My plan was to whip up a small cabled cowl that could be done with a single skein of yarn. There wasn’t sufficient stitch definition to make single stitch cables viable (which is a diplomatic way of saying: they looked like I put the yarn in a blender. It was so ugly there are no photos. You’re welcome.) Two stitch cables showed up well though, and this was the result!

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This photo was pre-blocking, which leads me to what finally made me appreciate this yarn: it blocks REALLY well.

Like. Really really well you guys.

My concerns about mediocre stitch definition were abated once the garment hit water. It cleans up real good. I do have some concerns over its long-term durability, seeing as it’s more prone to pilling/fuzzing, but that’s the drawback of any single ply yarn. While I don’t recommend it for children’s garments, vests, or sweaters, it’s well suited to accessories. Especially ones that only need occasional washing.

So, to tally up the points. Pros: it’s warm, comes in sixteen different colours, is reasonably sturdy. Cons: It’s prone to pilling and not machine washable despite the synthetic content. Price point is £7, which I think is well worth it for the right project.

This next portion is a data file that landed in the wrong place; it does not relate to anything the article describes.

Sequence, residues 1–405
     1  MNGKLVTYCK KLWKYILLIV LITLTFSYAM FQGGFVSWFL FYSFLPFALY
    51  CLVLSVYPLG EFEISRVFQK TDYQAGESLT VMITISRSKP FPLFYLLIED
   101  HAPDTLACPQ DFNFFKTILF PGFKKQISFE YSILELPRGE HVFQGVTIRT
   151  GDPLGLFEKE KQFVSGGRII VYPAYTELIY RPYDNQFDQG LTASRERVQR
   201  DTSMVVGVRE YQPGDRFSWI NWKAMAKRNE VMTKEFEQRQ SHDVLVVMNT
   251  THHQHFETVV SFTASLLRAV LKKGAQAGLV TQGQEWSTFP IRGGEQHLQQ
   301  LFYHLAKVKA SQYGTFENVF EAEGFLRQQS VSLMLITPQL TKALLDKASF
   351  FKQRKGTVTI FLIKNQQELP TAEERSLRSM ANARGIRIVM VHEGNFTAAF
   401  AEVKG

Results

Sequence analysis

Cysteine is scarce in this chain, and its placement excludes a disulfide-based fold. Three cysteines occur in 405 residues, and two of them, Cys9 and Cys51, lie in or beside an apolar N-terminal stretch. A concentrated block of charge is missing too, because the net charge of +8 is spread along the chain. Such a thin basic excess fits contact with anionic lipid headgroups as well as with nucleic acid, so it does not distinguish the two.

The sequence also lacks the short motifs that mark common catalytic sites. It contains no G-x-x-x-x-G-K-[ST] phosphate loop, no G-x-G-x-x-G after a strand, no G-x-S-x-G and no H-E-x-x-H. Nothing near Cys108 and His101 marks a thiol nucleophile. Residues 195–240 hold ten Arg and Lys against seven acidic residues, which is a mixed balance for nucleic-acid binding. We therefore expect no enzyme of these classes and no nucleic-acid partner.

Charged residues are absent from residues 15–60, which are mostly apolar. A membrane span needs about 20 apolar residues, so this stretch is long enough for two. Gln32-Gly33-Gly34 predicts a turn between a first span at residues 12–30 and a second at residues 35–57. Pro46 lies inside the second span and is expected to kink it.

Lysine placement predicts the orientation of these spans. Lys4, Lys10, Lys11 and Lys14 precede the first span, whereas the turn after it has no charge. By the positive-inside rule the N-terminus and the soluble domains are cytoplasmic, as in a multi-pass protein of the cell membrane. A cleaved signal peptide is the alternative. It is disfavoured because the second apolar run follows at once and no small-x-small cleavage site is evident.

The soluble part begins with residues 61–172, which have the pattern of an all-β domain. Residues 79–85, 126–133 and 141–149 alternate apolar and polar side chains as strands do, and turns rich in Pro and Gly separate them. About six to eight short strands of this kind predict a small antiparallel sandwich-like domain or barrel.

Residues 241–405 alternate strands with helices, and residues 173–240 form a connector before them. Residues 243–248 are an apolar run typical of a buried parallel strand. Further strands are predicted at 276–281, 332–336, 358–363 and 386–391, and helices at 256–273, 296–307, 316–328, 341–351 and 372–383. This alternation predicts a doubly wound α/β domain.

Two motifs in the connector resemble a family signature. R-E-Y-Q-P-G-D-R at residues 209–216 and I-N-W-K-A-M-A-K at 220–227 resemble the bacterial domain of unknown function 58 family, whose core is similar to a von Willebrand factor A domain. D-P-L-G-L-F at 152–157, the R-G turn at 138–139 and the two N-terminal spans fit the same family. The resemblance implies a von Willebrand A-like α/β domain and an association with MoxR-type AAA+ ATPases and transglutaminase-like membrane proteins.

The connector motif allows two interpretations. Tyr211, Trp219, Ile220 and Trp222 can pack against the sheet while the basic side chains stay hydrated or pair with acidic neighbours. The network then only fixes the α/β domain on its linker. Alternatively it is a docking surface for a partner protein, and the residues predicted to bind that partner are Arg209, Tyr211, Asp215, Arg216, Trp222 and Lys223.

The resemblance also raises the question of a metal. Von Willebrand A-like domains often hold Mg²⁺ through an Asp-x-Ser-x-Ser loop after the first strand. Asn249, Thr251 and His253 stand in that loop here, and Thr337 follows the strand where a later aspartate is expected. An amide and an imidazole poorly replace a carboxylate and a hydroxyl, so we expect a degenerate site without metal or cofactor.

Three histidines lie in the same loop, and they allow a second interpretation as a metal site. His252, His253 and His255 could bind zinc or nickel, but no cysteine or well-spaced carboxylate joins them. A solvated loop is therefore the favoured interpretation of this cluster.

Speaking of projects…

I liked my little test pattern so much, I’ve elected to publish it. The pattern is called “Odin” after the yarn itself. While I love me a good oversized cowl, sometimes you want something warm that tucks neatly into your winter coat. What’s nice about this style is that it buttons one of two ways, either overlapping (as shown on the left) and snug, or adjacent (as shown on the right).  odin-styles

Because it’s knit in a super bulky yarn this cowl knits up mighty fast, making it a great last minute gift. In the spirit of Thanksgiving, which us Canadians celebrate this weekend, I’ve decided to offer the pattern for free until Tuesday, October 11th (so y’all can get a jump on your Christmas knitting). You can download Odin from Ravelry here.